Price received by Sri Lanka’s tea

The fact that price received by Sri Lanka’s tea in world markets is approximately double that of world average price excluding price of Sri Lanka tea indicates that Sri Lanka is immune to forces of price competition from rest of the world and the product is differentiated (see the figure). This is owing to the belief that Sri Lanka’s tea is unique in flavour, aroma, etc., and therefore receives a premium price over and above other world producers. 

Hence the nature of product’s relationship with world trade remains monopolistic. The indifference curve of Sri Lanka’s tea and that of rest of world is therefore convex to the origin indicating that to maintain the same utility along the curve consumers are willing to sacrifice more of tea from rest of the world to consume a comparatively lesser volume of Sri Lanka’s tea. 

This is to say that Sri Lanka’s tea due to its unique geographical qualities remain naturally protected from price competition in world markets. Hence, alterations in the capital composition of the sector in a way that reduces unit cost of production will not be forthcoming through interaction of market forces. 

Surpluses are therefore reinvested in the sector in the form of working capital dominated by expenses on fertiliser which in turn raises the land productivity and aggregate output while labour productivity and therefore unit cost of production remain unchanged. This peculiar structure of capital formation or production relations determined by the specific exchange relations the sector has weaved itself into world trade provides the groundwork for increasing aggregate profits while the wage rate stagnates in real terms simultaneously. 

In this light it should be clarified that the percentage rate of higher price received by Sri Lanka’s tea over and above rest of the world is not an entrepreneurial income, it is ‘unearnt’ as Ricardo would claim and therefore cannot be identified as a category of profit. The nature of this income precisely overlaps with Ricardian concept of rent or rather the concept of ‘Differential Rent I’ proposed by Marx by further developing Ricardo’s formulations. Differential Rent I is the higher income gained by employing an equal amount of capital in two or more identical units of production under the same method of production.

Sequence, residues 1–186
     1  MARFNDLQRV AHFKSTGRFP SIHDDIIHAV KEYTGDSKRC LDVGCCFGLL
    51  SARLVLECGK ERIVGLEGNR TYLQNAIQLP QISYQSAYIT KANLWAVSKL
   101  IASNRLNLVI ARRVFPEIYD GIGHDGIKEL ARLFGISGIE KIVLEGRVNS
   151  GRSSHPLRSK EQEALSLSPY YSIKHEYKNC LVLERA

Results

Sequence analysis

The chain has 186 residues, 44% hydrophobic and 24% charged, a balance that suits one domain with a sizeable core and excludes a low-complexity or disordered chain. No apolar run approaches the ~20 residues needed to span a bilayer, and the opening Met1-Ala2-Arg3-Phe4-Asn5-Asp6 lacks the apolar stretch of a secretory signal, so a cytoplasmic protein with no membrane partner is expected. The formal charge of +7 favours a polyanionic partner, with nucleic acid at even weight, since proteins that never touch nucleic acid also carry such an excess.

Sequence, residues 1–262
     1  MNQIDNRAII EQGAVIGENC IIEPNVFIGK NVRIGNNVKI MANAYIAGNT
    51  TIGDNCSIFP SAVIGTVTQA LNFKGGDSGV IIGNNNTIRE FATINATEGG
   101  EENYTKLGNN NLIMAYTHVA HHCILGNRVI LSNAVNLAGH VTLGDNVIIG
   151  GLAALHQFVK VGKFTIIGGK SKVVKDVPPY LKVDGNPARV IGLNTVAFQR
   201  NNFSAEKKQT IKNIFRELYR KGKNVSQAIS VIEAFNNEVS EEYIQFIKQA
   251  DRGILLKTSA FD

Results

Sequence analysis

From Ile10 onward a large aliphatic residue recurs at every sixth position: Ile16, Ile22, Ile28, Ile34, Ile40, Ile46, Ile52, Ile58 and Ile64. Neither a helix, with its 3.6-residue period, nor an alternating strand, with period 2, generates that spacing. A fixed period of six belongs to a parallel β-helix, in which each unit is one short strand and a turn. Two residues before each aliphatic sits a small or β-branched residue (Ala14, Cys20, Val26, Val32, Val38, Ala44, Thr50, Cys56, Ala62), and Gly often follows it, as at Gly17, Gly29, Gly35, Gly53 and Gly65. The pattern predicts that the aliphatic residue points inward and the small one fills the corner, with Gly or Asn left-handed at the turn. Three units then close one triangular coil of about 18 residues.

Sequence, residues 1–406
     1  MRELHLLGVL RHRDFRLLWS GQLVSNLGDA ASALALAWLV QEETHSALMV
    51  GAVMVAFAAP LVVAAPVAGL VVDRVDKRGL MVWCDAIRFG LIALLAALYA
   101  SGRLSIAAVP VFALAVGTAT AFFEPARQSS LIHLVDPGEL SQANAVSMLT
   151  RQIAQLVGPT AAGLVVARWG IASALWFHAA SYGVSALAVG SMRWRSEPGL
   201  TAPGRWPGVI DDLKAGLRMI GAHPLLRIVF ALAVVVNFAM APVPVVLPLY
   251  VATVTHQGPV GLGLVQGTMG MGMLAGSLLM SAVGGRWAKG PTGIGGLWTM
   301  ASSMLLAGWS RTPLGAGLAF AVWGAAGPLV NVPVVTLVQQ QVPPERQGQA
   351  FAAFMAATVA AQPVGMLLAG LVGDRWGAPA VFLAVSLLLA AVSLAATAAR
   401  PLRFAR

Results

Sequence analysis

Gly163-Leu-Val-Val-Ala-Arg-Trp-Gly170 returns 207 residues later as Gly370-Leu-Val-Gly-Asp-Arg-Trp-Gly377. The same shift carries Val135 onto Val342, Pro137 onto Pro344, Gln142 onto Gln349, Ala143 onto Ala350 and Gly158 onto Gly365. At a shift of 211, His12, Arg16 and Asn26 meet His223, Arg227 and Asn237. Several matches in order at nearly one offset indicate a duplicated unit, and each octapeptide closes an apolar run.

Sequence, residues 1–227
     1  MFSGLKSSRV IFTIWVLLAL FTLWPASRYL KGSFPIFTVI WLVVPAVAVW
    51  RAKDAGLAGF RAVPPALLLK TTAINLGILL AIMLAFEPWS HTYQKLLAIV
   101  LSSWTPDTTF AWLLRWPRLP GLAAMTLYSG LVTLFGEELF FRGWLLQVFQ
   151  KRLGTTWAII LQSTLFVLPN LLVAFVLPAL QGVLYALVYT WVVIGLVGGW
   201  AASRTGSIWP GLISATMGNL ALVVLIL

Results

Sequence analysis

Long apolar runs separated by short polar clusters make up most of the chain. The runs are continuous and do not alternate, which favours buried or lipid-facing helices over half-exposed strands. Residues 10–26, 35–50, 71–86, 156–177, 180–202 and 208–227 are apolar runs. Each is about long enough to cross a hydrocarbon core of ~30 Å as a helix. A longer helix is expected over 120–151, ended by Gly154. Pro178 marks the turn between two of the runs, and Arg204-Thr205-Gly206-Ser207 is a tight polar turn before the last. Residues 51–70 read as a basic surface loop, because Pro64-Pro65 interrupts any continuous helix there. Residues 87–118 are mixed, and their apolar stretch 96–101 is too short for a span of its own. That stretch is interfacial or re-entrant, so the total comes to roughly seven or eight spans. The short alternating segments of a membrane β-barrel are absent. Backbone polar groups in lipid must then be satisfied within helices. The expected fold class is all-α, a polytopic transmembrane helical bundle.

With regard to Sri Lanka’s tea exports, the Differential Rent I is the price differential between Sri Lanka and rest of the world. The concept was formerly applied by late Dr. S. B. D. De Silva to understand the structure of incomes in Sri Lanka’s tourism sector and we are herewith extending the same to the plantations to elucidate the nature of its incomes. 

Indentured nature of the plantations workforce further impels the planters to sustain the current form of capital formation dominated by working capital. Fixed capital currently employed in the sector is in the form of workers’ housing, schools and medical facilities and so on and not in the form of machinery designed to aid the labour process in the estates. 

Introduction of labour replacing machinery in this setting, would therefore render the fixed capital investments into providing workers’ infrastructure or rather, investments into imprisoning the worker to the estate, redundant, while its breakeven time is long drawn out (see De Silva, S. B. D, 1982, 2011, ‘Political Economy of Underdevelopment’, Routledge, London). This particular phenomenon where labour is retained by subjugating it into an indentured work regime repels labour replacing capital infusions into the sector.

Further, it can be observed that since 2008/09, level of maintenance and replanting in the Regional Plantation Companies (RPCs) were declining. This can be attributed to the opening up of new speculative spheres following the ending of the war which would yield quick returns such as property development, stock trading, tourism and so on.